We’re always looking for ways to lower our diet’s environmental impact. But there are other values involved in choosing what to eat, such as supporting regenerative farming by small farmers and choosing healthy foods. Nutrition for Longevity, a New Jersey meal delivery company, offers an excellent blend of sustainable farming techniques, delicious and healthy meals, and progress toward recyclable packaging.

Meal delivery is sustainable? Yes, when practiced effectively, home delivery can — but is not guaranteed to — produce less CO2 than food that has been packaged, wrapped, and unwrapped several times before it hits the shelves at your local grocers. In addition, except for some locally grown produce, most grocery store food is produced by industrial farming practices that have destroyed soil around the world. Nutrition for Longevity takes several steps out of the e-commerce equation by preparing and packaging its food at the farm. So while food’s transportation footprint is an important consideration, the opportunity to support regenerative farming practices is also an important consideration when choosing your food.

We choose to accept some of the downsides of e-commerce in favor of supporting farming practices that restore the soil and pay fair wages to workers.

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Nutrition for Longevity’s Strategy

Nutrition for Longevity built its menus on the lessons of The Longevity Diet, a plan based largely on the Mediterranean way the longest-lived humans eat. Each meal, created by two-star Michelin chef and French Laundry veteran, Luigi Fineo, is made from food grown on small regenerative and aquaponic farms that are minutes from the company’s kitchens. The food is typically sent within 48 hours of the time it was picked, much faster than the produce at most grocers.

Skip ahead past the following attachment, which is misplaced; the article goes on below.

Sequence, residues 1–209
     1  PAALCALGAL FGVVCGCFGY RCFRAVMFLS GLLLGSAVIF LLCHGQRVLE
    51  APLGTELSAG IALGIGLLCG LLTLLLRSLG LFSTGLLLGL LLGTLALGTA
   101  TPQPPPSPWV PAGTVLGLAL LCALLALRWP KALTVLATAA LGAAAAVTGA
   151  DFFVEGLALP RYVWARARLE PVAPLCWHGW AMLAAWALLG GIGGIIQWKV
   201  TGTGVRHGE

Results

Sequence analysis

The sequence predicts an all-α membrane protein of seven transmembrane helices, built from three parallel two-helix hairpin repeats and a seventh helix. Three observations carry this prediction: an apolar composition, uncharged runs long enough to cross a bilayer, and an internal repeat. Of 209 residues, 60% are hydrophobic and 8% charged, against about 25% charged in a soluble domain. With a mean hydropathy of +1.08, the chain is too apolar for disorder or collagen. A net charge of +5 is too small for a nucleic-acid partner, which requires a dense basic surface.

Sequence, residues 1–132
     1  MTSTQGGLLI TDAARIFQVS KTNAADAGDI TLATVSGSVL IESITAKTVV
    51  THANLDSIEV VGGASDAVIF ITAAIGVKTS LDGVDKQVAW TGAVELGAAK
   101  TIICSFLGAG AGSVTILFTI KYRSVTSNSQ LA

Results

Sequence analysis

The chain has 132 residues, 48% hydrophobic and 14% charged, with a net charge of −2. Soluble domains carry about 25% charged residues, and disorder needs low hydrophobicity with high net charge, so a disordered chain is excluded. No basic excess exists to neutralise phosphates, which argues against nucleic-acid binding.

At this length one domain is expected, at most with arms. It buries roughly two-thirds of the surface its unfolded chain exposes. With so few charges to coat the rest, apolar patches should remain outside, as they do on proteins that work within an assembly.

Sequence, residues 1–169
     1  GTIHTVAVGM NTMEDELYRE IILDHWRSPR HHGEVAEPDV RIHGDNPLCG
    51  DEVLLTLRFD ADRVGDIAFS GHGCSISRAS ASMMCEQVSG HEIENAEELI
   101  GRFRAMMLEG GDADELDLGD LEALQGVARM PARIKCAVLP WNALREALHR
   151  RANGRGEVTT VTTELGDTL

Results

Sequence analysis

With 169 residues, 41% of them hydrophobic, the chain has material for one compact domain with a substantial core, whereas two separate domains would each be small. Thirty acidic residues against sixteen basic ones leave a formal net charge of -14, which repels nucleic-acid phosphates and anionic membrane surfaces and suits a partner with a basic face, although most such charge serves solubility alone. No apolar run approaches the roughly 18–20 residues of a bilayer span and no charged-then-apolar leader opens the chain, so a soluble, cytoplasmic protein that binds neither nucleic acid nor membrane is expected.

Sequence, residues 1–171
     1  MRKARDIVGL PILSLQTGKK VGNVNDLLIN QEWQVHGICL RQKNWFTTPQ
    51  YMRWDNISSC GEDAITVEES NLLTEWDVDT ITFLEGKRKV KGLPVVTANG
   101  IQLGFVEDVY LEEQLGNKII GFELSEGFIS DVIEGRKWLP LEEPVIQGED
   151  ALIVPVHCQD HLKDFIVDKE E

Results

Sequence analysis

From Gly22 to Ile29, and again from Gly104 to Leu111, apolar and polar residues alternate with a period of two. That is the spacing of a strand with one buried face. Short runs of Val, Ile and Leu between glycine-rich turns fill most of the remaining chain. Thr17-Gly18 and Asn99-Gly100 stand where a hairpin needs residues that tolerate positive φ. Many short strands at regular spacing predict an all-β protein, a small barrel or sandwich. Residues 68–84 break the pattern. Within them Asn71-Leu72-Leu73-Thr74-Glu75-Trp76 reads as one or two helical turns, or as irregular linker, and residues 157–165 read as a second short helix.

The company also encourages eating fresh by limiting orders to three days of meals (breakfast, lunch, and dinner) at a time. They also encourage people to eat their own cooking two days each week, but you can arrange to receive six meals a week by contacting customer service. They are working on smaller and larger deliveries.

Founder Jennifer Maynard said that Nutrition for Longevity plans to launch Texas and California farms this year to start to reduce the shipping distance to its growing customer base. She described a plan to expand to many regions over the next several years. We’re pleased to see that regenerative farms will be more accessible as a result.

Fine Food

When we tested Nutrition for Longevity, we opted for the pescatarian option, which is curated based on the number of calories selected. The meals are interesting and varied, but most of all delicious. The meals were flavorful, filling, and left us feeling energetic.

Prepared meal from Nutrition for Longevity

The dinner selections included blackened cod and potatoes, Okinawa fried rice, and Sardinian pasta with broccoli raab. Lunches consisted of excellent salads — including shaved Brussels sprout salad and Californian chickpea Caesar salad — and a winter squash and mushroom noodle bowl. The most surprising meal was breakfast, which was always filling, setting a solid foundation for a day’s eating: a blueberry chia pudding and Nicoyan green chili chilaquiles were our favorites.

In addition to Mediterranean cuisine, Nutrition for Longevity draws on Latin American, Californian, and Japanese foods associated with the longest lifespans around the world. The company promotes the idea of “Eating like a centenarian,” which means eating austerely without forgoing flavor. Except for the need for a little pepper and, in one case, a bit of salt, all the meals were seasoned perfectly. Cooked meals required only quick heating in the microwave or on the stove before eating.

Healthy eating isn’t cheap, but compared to picking up a meal at most fast-food choices, Nutrition for Longevity’s $12.00 average meal cost is a reasonable alternative. Several other meal delivery programs are a dollar or two less expensive, but only Green Chef and Veestro also offer organic and regeneratively farmed produce.